Animation: 6/10

While David Production worked on the second season of Cells at Work, LINDENFILMS worked on Code Black which was alright. The animation itself really isn’t anything to write home about as it does contain quite a lot of still images, especially when the white blood cells are fighting the germs. There are moments where the animation is alright but again, there isn’t anything to write home about here. But what this show does have a very strong art direction. The grittiness and dark tone is well represented here with rust and grit, cracks along the walls and plaque just being everywhere. It goes along well with the very industrial look this show has which helps establish the setting that this isn’t some bright, happy to work here work environment, but rather a gritty, depressing work environment which enhances the message of being overworked and how you handle it. The character designs as well do a good job representing each cell and the black lines used on the characters to capture the dark tone and the fear in the characters is a nice touch.


Sound: 6/10

For a show like this, you expect the ost to be moody, bleak and dramatic to strengthen the idea that this is a bad working environment and that is the case here. It does sound moody. It does sound bleak and it does sound dramatic. Is that a bad thing? Of course not. A good ost will always enhance a scene even if you don’t acknowledge it and Code Black does have a good ost. It was solid enough for it to stand out, especially the more slower pieces because of that ominous feel to it that makes the scene rather foreboding for what is to come.

The opening, "Hashire! with Seiya Yamasaki" by Hiroyuki Hayashi is a rather lacklustre opening. I honestly don’t think it matches the tone of the show at all and is more akin to the tone of its parent series, in both song and visuals, barring a couple of scenes. Same goes with the ED as well "Ue wo Muite Hakobou with Sekkekkyuu & Hakkekkyuu" by Hiroyuki Hayashi. I’m no stranger to relaxing EDs but here, it’s more jarring than usual. With the show usually ending on a dark cliffhanger after each episode, the ED’s tone of it being all happy and upbeat doesn’t mesh with the show at all. I would’ve preferred a more calm ED than this because it can at least keep the vibe of the show after watching the episode.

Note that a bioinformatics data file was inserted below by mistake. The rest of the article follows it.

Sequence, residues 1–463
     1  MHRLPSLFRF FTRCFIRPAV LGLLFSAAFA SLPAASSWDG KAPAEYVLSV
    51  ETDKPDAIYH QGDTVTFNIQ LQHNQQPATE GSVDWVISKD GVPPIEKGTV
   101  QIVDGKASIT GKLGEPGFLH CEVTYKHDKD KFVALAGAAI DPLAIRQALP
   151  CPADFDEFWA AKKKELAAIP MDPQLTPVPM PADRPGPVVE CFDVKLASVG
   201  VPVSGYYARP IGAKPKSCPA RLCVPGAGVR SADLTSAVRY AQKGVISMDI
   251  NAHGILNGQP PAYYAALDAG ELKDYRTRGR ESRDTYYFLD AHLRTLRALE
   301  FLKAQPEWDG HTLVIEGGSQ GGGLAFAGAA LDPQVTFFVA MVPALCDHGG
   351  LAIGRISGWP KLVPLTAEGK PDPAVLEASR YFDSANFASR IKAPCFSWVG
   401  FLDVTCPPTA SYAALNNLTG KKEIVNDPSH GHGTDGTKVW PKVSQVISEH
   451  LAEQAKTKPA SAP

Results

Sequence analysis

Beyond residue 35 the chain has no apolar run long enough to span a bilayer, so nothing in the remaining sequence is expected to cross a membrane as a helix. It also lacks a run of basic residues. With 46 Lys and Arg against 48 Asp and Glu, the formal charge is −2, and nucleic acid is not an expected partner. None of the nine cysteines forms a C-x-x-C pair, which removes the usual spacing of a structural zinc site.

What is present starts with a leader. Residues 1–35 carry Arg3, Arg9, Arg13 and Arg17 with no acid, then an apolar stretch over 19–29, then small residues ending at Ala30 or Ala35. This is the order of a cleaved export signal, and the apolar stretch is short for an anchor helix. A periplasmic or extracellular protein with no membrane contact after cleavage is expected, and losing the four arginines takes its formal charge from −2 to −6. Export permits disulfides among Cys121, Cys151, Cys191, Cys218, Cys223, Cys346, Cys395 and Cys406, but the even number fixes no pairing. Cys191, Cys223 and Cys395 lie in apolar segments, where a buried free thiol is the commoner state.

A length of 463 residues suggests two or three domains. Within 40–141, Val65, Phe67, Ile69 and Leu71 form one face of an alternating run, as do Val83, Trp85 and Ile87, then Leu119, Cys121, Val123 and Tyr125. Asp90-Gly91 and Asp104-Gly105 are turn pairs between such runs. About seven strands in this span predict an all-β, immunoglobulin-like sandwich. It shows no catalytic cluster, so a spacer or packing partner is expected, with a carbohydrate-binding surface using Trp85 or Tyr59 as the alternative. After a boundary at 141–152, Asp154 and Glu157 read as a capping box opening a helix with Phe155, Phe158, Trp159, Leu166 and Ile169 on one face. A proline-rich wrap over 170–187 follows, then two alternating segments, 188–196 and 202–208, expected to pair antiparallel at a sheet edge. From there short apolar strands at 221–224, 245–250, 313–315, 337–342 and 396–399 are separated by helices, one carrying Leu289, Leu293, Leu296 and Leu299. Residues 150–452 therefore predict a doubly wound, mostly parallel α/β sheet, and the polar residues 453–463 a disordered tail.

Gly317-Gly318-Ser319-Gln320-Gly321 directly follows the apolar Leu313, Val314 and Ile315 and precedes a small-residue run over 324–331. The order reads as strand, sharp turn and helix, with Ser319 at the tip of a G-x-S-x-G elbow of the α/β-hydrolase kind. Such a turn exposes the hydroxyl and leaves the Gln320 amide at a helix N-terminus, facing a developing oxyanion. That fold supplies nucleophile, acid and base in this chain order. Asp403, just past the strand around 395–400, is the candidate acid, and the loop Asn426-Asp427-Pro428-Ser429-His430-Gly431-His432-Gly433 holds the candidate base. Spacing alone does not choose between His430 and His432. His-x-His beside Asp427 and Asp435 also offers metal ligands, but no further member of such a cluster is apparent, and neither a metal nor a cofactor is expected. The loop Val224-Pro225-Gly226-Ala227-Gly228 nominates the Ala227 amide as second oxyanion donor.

Conclusion

Cells at Work! CODE BLACK! was a show that slowly grew on me over the course of the season to become one of my absolute favourites this season. The show’s message of managing stress at work and keeping healthy are only enhanced by the bleak and hostile conditions the cells have to work in. It even made me on the edge of my seat at times with each problem our cells have to face and if they are going to survive it. And in the meantime, it is also teaching us about the human body as well to make us learn some new things. But the best part about this is that it’s not a requirement for you to watch the original Cells at Work! You can watch this stand-alone and you will still get the same enjoyment out of it.

The show is a well told, thematic story that can keep you on the edge of your seat, with likeable characters and a good, atmospheric ost to back it up. It’s ability to teach about the body while also having a gripping narrative just makes it even better. Again, you don’t need to watch the parent series to watch this one. Which is great because I do recommend that you check this one out for yourself if you haven’t seen it yet.


My Personal Enjoyment: 9/10


Overall Score: 7.6/10 Recommendation: Watch It